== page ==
4. Understanding. Many of us intuitively sense that our dogs understand us, but does the science back it up? Researchers in Brazil and the U.K. studied a group of dogs and determined that dogs could correlate the tone of our voices with the expressions on our faces.* Up until this study, that particular cognitive ability was thought to only be found in primates! Turns out that dogs often have a better read on us than we do on one another!


5. Forgiveness. A friend recently recalled an incident when she had accidentally closed a door on her dog’s tail, whereupon she burst into tears. Seeing this, her dog immediately ran over to comfort her! His concern was not over his own well-being, but over his guardian’s distress. While dogs exhibit so many wonderful traits we value in each other, they seem to be missing some of the really ugly ones we humans sometimes suffer: greed, malice and holding a grudge (to name a few). They live in the moment, and never seem to hold our failings against us. So amazing!

When I speak about the most profound moments I’ve shared with my dogs, I often get choked up. Like even right now. Even in our worst moments, they provide the comfort of a loving presence that’s continually by our sides, without judgment. All they ask in return is a warm bed, nourishment and loving scritches. I think members of Team Dog will agree, that’s a small price to pay for one of the most joyful relationships a person can have!

Why are you a dog person? Share your reasons why in the comments section below.

Dr V
Dr. Jessica Vogelsang, DVM



Antioxidants and Canine Wellness


Many of us are familiar with the idea of antioxidants, and we know they are a good thing for both dogs and humans, but do you know why? There’s a reason we put so much thought and effort into our formulations at Life’s Abundance, and antioxidants are some of our favorite ingredients!

To understand why antioxidants are vital to health, you need to know about free radicals, a by-product of normal metabolism. When oxygen molecules are split into two oxygen atoms, they are missing one electron ... thus a free radical is born. These little guys are highly reactive, so they steal electrons from other molecules, which also become free radicals. Cellular components such as proteins, DNA and cell membranes can be negatively affected, further creating more free radicals. Why is this problematic for health? Well, the DNA damage causes cells to reproduce incorrectly, which can lead to abnormalities.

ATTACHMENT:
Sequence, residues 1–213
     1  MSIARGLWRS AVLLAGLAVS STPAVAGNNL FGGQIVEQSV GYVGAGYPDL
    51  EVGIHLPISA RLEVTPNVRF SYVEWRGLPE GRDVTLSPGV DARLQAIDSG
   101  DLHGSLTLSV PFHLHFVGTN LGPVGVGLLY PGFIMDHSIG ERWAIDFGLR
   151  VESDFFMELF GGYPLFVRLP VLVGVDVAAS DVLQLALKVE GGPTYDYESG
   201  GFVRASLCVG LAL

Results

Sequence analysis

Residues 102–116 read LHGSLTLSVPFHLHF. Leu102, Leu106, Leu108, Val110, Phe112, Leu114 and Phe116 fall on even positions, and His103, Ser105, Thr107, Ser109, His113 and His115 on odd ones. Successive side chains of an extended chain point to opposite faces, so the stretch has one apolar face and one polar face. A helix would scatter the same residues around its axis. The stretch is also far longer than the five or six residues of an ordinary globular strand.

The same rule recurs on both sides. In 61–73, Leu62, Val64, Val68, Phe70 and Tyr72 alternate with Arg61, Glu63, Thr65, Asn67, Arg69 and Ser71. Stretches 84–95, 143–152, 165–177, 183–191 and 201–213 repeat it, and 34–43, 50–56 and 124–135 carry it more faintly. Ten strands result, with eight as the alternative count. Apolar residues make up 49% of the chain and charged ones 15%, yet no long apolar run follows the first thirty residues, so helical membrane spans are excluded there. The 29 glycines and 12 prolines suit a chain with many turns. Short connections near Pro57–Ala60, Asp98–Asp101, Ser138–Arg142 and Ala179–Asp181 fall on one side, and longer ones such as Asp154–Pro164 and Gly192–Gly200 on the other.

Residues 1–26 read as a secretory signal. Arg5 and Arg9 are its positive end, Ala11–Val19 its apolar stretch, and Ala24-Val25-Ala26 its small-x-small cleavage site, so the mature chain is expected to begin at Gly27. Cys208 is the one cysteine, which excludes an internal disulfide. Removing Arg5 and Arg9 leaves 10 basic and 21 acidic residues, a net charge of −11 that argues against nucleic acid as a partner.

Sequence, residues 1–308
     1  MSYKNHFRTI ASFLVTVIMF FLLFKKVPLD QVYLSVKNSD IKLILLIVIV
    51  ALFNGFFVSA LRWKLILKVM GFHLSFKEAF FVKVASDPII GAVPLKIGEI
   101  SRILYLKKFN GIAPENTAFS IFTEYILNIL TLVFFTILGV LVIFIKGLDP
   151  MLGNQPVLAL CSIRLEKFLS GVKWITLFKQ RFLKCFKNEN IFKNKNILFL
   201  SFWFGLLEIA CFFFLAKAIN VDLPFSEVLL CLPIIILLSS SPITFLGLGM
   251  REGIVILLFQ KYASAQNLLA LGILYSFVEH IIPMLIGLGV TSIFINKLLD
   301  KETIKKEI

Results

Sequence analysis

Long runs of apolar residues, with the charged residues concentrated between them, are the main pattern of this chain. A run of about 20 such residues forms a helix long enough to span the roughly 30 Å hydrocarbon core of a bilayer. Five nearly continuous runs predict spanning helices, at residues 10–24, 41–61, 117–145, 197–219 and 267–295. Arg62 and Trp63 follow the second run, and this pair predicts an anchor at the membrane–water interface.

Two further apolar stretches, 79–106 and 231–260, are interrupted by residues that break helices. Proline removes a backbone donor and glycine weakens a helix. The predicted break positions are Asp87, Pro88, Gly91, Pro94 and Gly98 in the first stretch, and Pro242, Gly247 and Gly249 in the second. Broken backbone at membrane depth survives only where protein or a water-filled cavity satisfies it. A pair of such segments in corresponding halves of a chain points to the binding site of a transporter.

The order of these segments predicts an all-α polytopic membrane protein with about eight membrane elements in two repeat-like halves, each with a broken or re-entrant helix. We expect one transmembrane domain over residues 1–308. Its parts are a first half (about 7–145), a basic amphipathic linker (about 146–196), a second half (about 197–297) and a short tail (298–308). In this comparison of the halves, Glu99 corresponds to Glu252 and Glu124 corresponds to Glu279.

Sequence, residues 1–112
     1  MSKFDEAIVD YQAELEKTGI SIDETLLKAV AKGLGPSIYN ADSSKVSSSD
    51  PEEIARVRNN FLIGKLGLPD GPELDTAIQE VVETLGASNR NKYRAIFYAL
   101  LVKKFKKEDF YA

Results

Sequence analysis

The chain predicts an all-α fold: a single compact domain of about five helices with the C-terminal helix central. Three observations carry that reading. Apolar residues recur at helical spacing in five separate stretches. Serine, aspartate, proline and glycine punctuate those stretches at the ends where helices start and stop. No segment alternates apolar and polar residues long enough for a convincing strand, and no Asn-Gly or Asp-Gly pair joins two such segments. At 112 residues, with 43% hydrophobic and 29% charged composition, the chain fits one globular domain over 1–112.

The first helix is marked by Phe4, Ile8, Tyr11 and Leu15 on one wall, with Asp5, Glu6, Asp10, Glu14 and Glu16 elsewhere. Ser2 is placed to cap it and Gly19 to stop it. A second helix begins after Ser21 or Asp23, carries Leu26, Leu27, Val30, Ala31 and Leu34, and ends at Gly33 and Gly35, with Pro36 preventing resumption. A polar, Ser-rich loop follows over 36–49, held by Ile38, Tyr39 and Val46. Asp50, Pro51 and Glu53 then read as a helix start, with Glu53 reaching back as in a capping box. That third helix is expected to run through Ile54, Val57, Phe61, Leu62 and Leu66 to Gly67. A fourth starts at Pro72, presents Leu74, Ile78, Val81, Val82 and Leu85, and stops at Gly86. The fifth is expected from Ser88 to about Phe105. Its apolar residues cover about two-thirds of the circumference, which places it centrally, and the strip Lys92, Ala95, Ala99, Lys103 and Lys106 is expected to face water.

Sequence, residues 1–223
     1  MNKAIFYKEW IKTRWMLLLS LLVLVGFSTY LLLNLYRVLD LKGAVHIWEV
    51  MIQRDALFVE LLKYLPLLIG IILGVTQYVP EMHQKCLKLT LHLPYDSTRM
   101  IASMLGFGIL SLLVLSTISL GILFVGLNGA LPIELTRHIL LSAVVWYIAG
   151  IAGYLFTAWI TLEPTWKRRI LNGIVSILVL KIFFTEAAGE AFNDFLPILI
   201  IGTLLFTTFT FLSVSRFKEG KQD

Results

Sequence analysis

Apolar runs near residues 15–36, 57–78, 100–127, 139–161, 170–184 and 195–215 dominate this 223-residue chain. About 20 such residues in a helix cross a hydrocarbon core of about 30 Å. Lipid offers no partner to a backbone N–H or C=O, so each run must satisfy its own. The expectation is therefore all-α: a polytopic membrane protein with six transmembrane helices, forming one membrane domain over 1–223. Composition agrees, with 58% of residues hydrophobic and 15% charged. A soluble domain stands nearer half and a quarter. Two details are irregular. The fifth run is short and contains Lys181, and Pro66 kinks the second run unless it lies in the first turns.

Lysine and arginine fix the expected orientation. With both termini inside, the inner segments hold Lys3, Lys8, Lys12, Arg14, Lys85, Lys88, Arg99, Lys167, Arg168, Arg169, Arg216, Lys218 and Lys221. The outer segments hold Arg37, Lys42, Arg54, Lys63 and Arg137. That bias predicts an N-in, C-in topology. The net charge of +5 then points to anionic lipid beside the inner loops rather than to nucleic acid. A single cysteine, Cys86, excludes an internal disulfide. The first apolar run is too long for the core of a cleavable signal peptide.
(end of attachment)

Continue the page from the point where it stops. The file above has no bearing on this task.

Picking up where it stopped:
How do antioxidants work? They can donate an electron to a free radical without becoming unstable themselves. In fact, many scientists now refer to antioxidants as ROS, or Reactive Oxygen Species. In essence, they neutralize damaging free radicals and break the replicating cycle.

Why do dogs need antioxidants? As pets age, the free radical damage accumulates and accelerates. It contributes to the natural declines due to aging, and can trigger some illnesses due to damaged cellular DNA. So, how are free radicals counteracted? Perhaps the best, most natural way is through antioxidants!

Why are antioxidants so often linked with brain health? With aging, many canines experience some degree of cognitive decline. This can manifest as changes in behaviors, lapses in house training, altered sleep cycles, disorientation and repetitive behaviors such as pacing or licking. Learning and memory deficits may begin in pets as young as six years of age, though many pet parents don’t notice until pets are quite a bit older. There’s good news, however. Senior dogs fed a diet high in antioxidants actually perform better on tests that assess their ability to problem solve!

Who should be taking antioxidants? Everyone, including your dogs! While the benefits are most obvious for seniors, all of us are exposed to free radicals on a regular basis. Early nutritional support with antioxidants is a great way to maintain vibrant health. Even though the body produces some antioxidants on its own, the most significant way to get antioxidants into the body is through nutrition. Fruits, vegetables and even some herbs are high in antioxidants such as lycopene, carotenoids, lutein, and vitamins E and C.

Antioxidant Health Bars help maintain a healthy immune system

What’s an easy way to make sure my dog is getting guaranteed amounts of antioxidants? This month, I encourage you to try one of our premium baked treats, Antioxidant Health Bars. Featuring the great taste of apples, peanut butter and honey, dogs just can’t resist these delicious bars, which also include oatmeal, brown rice, ground flaxseed, dates, rolled oats, flaxseed oil, eggs, cranberries and carrots. Since antioxidants are so important to maintaining a healthy immune system, we’ve added a hefty helping of vitamin E, vitamin C and beta-carotene. And the amounts of these important nutrients are guaranteed, so you know exactly how much nutrition your dog is receiving on a daily basis.